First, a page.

strong, sometimes overpowering) to take the psychoactive drugs
(which may or not have been medically prescribed), alcohol, or
tobacco. There may be evidence that return to substance use after
a period of abstinence leads to a more rapid reappearance of other
features of the syndrome than occurs with nondependent
What Causes Substance
Misuse?Biology. The genes that people are born with
account for about half of a person's risk for
addiction. Gender, ethnicity, and the presence of
other mental disorders may also influence risk for
drug use and addiction.
Environmental and social causes: A person’s
environment includes many different influences,
from family and friends to economic status and
general quality of life. Factors such as peer
pressure, physical and sexual abuse, early
exposure to drugs, stress, and parental guidance
can greatly affect a person’s likelihood of drug use
What Causes Substance
Age: Although taking drugs at any age can lead to
addiction, the earlier that drug use begins, the
more likely it will progress to addiction. This is
particularly problematic for teens. Because areas
in their brains that control decision-making,
judgment, and self-control are still developing,
teens may be especially prone to risky behaviors,
including trying drugs.
Consequences of Drug Misuse
oShort-term effects can range from changes in appetite,
wakefulness, heart rate, blood pressure, and/or mood to
heart attack, stroke, psychosis, overdose, and even death.
These health effects may occur after just one use.
oLonger-term effects can include heart or lung disease,
cancer, mental illness, HIV/AIDS, hepatitis, and others. Long-
term drug use can also lead to addiction. Drug addiction is a
brain disorder. Not everyone who uses drugs will become
addicted, but for some, drug use can change how certain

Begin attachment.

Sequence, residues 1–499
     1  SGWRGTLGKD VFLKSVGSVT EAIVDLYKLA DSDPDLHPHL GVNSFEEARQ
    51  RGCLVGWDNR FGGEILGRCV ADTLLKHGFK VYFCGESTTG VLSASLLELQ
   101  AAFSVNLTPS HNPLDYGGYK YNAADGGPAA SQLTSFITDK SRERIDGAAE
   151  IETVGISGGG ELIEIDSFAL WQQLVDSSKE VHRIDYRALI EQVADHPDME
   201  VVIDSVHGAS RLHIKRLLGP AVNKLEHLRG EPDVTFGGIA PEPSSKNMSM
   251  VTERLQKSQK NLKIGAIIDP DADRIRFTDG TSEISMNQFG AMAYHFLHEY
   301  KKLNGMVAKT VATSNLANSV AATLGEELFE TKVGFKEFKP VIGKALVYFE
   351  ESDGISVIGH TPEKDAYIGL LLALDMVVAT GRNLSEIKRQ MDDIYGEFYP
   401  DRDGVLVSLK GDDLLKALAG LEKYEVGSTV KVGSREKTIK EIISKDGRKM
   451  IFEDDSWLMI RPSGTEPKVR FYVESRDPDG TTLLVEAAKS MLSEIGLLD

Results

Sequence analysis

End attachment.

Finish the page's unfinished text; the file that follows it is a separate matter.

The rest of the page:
brain circuits work. These brain changes interfere with how
people experience normal pleasures in life such as food and
sex, their ability to control their stress level, their decision-
making, their ability to learn and remember, etc. These
changes make it much more difficult for someone to stop
taking the drug even when it’s having negative effects on
their life and they want to quit.
NIDA. Health Consequences of Drug Misuse. National Institute on Drug Abuse website.
https://www.drugabuse.gov/related-topics/health-consequences-drug-misuse. March 23, 2017.
Accessed February 18, 2018.
Kids and Drugs
- your medicine cabinet
- Grandma’s purse
- siblings (sharing and stealing)
- OTC preparations (DXM, cough and cold preps)
oCost- the lower the better!
Adults in General:
Have Greater Accessibility to Drugs
- Internet (No physical needed!)
- Canada, Mexico, Great Britain, India etc
- Mail order prescriptions :Less familiarity
between Doctors and patients
Have a wider variety of drugs
available to them on the market
The Neurobiology of Addiction
• Above the hindbrain is the mesencephalon or
midbrain, which contains two important regions
for substance abuse:
1. Ventral Tegmental Area (VTA): which is has many
dopaminergic cell bodies that project to the limbic
system and forebrain.
2. Nucleus Accumbens: spiny neurons in this area
receive input from both the dopaminergic neurons
of the VTA and the glutamatergic neurons of the
hippocampus, amygdala, and medial prefrontal
cortex. The end result is the release of dopamine.
More to the Story…..
• Dopamine is not the only neurotransmitter
involved with substance dependence. Many
others play a role such as:
Males vs. Females
oMales start using drugs at an earlier age.
oMales abuse drugs more often and in larger
oMales are more likely to abuse alcohol and tobacco.
oClose to 12 percent of American males age 12 and
older were currently using illegal drugs, compared
with just over 7.3 percent of females in the same
age group. Multi-drug use was also more common in
males than in females.
oFemales abuse benzodiazepines more often than
o Global Burden:
In 2012, 3.3 million deaths, or 5.9 percent of all global deaths (7.6
percent for men and 4.0 percent for women), were attributable to